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<strong>Legends of SA Wine - Vera Sperling</strong>

Legends of SA Wine – Vera Sperling

Wine tasting rooms didn’t always serve food. The person credited for starting what is now accepted as given of a winery experience is Vera Sperling, matriarch of Stellenbosch’s Delheim Estate.

On her formative years

Vera and her family came to South Africa just before the start of WW2.

“Many people were coming to South Africa, by ship. I was only a few months old. Our scheduled departure was sped up because it was only a day before the official start of the war.

“My parents hadn’t been married for long and we were on our way to a new life. My grandparents too. My grandfather was a pianist and grandmother, a painter. She did many portraits. They were there too. We all went to live in a home in Pinelands. That was the start, and we were there for quite a long time.

“Later, my father had to go up to Europe to fight alongside the troops. My mother eventually followed him because she became very lonely. I didn’t know what was happening, of course.

“I was around six-years-old when my parents’ marriage dissolved. My mother took me back to Holland. Her mother and father remained. Later, my grandfather moved to Johannesburg and my grandmother returned to Holland too. It was a confusing time. But I went back to school there.

“My mother was re-married, and it was suggested we move to Chile because it was seen as a fantastic place at the time. They went and I went to live with my father, attending school for two years in Stellenbosch.

Vera learned German when she was very young, from German friends at school. At the time, they lived in Ida’s Valley where her father rented a house.

“My father was an interiors man with a famous shop in Stellenbosch, Cape Town and PE [Gqeberha]. It was very different to what people knew. Beautiful and specially designed furniture and woodwork. He sold cups, made curtains, and whatever, upholstered chairs. He made a name.

“Binne Huis was the name of the shop.”

During this time, Vera’s father got to know Dr Anton Rupert.

“Rupert bought some of his furniture. They would stand together at the shop and look out across Dorp Street in Stellenbosch. They thought that there should actually be a law that forbids the demolition of old houses to replace with new houses. To preserve them.”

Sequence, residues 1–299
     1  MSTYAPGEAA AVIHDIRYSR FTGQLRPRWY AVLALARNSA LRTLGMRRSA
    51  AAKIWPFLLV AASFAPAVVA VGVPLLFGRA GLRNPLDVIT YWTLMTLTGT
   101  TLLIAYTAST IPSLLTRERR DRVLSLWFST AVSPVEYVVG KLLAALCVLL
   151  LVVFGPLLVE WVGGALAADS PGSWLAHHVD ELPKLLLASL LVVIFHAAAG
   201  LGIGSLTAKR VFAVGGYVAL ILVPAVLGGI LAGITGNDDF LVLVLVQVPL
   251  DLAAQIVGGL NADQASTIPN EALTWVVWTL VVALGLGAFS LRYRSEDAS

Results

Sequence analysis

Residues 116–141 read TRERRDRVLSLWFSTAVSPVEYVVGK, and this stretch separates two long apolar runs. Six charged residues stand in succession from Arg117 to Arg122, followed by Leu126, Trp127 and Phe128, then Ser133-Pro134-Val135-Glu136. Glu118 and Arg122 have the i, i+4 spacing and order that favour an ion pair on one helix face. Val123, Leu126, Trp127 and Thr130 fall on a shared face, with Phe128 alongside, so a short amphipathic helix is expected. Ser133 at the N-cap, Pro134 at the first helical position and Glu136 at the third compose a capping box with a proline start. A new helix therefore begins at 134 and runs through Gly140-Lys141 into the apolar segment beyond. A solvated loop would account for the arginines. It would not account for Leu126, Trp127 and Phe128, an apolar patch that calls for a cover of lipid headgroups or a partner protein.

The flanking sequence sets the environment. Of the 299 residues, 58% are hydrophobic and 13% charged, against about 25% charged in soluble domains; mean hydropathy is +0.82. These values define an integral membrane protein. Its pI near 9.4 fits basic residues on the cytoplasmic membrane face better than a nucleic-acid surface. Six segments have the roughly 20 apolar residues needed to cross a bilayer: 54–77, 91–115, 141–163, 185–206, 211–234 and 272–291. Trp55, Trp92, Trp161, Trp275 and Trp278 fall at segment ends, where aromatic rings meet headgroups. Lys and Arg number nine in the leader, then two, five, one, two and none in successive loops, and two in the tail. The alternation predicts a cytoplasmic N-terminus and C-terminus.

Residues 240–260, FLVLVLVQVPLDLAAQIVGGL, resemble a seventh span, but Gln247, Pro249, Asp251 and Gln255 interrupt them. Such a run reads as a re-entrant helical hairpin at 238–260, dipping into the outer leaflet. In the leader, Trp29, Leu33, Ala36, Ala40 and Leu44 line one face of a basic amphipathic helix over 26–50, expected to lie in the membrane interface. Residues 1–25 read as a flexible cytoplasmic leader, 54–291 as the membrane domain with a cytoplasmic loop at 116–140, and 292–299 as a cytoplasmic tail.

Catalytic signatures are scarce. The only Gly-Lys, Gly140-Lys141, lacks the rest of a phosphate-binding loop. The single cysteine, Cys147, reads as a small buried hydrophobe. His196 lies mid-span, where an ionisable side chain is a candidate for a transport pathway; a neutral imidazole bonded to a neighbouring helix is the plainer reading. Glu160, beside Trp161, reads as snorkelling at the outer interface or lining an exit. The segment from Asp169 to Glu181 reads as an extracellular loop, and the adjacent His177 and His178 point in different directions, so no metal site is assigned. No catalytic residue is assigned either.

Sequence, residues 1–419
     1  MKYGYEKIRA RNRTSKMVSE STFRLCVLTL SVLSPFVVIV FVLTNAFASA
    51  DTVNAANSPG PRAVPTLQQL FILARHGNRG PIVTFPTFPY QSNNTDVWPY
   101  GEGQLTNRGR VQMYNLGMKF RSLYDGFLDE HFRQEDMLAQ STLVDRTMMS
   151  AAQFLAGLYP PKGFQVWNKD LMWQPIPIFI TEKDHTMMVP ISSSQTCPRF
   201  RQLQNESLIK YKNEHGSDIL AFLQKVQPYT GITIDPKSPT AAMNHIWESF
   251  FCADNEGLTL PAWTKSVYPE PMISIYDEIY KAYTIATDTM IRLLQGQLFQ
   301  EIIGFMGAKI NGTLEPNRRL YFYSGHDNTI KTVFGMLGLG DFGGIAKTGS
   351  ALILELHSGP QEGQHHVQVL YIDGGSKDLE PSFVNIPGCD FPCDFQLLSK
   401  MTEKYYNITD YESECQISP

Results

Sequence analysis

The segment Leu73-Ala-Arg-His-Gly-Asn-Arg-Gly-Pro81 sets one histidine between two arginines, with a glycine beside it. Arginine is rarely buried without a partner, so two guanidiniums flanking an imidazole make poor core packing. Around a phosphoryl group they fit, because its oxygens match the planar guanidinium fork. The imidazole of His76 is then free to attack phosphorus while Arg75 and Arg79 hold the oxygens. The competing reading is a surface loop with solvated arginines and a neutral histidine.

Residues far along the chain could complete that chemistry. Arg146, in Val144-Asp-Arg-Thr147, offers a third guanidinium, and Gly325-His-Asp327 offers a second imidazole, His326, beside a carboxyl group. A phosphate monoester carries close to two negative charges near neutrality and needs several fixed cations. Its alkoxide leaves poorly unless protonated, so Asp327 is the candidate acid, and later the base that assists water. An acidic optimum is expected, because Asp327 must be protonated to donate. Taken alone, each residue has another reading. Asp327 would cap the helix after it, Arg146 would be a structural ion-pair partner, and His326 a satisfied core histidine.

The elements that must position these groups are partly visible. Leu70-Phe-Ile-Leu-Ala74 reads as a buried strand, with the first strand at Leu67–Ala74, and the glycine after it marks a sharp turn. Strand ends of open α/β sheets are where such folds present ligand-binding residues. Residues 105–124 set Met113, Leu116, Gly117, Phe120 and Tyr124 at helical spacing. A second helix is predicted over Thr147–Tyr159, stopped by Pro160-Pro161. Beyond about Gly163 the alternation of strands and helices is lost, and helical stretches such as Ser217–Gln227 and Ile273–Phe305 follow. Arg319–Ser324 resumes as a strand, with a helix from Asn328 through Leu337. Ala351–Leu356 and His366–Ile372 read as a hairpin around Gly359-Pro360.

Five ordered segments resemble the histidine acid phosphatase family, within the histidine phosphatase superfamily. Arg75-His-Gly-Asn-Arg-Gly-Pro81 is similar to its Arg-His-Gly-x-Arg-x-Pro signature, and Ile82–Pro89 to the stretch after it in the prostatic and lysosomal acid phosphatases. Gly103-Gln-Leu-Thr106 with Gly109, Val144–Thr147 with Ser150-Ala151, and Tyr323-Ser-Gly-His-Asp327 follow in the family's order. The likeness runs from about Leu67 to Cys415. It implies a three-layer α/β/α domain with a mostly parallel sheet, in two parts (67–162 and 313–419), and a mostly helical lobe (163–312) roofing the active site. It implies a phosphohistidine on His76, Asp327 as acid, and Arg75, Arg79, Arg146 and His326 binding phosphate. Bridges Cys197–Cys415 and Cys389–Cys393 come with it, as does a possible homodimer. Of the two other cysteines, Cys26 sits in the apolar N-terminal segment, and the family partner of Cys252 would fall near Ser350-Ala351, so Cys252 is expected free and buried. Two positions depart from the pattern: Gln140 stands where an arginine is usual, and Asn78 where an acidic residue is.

Vera’s upbringing also took her from South Africa to other continents. At one point, they lived in Chile, where she learned to speak Spanish.

“If you didn’t, you had no friends,” she says.

When it was time for further studies, she went to The Hague and embarked on a course in art with a focus on interiors.

“I had an aunt in Wassenaar, which was close by bicycle to the Hague. She had the idea because she knew I wanted to sketch and paint.

“She took me to the Art Academy, and I was accepted. I was 16 years old then.

“My mother at this time moved from Holland to Mexico because someone had suggested that it was a better country than Chile at the time.”

For her practical year, she returned to South Africa and worked with my father in his shop. She also spent holidays with him too.

On meeting Michael Hans “Spatz” Sperling

It was during one of these holidays that Vera was invited to attend a party.

“I went on the back on a motorcycle to Paarl. There were a whole lot of students. It was a very hot day, and someone said she’d go for a swim. Others joined her in their underwear. I thought it would be wonderful, but I just couldn’t bear the thought of spending the whole evening in wet clothes!

“So, I snuck down later when everyone was at the braai. It was dark; I stripped completely and went for my swim. It was certainly very pleasant and worked for me!

It was during another holiday to South Africa that Vera met the man she would later marry – Spatz Sperling. Spatz would later become a co-founder of the Stellenbosch Wine Route, South Africa’s first of its kind.

“We did many lovely things together. We went to the beach; to the movies; to the orchestra. We did all these things, and it was fantastic that he also enjoyed these things.

“I thought this man is very nice. I have to watch out! I was planning to tell him on Sunday that we shouldn’t continue. But on the Saturday, Gunther Brözel asked Sperling if he would give a wine tasting for crew of a Lufthansa flight. Some 12 people. Sperling accepted.

“He set up two tables in what is the restaurant now, and he invited two German friends to the event. After the event, he invited the friends to stay for a drink. He’d put a table out in the garden. From the house he brought out crystal glasses from his aunt, and sparkling wine glasses.

“After about 15 or 20 minutes, he asked: Vera, where’s your glass? I said it’s empty! He then asked me to join him, which I did. He then proceeded to fill everyone’s glasses, pause and raise his own, announcing: We’re engaged!

“I was very surprised of course. Next, he quickly looked over his shoulder at me and asked: Is it ok, my dear?”

The couple were married in 1965.

On “Spatz”

Spatz arrived in South Africa in 1951 on the invitation from his uncle and aunt who farmed at Delheim.

“They had no children, and had bought the farm in 1938. The old house had burnt down, and the uncle was a builder,” says Vera. “He erected many large buildings, even in Cape Town, such as at Groote Schuur. He didn’t spend much time on the farm.

“He built the winery with the help of Italian POWs, around the time that Spatz arrived

On Delheim’s early days